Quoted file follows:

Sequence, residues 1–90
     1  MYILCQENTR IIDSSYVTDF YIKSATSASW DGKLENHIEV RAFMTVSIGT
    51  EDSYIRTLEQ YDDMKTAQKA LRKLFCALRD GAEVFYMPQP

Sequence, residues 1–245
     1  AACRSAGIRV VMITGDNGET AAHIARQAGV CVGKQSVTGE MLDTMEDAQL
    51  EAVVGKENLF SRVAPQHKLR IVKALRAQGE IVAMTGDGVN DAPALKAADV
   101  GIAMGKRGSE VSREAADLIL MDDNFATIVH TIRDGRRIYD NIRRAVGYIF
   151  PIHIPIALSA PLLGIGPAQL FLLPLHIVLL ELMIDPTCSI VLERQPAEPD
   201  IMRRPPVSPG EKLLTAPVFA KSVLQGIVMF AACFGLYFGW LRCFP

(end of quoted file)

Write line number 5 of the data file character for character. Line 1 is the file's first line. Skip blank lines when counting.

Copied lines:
     1  AACRSAGIRV VMITGDNGET AAHIARQAGV CVGKQSVTGE MLDTMEDAQL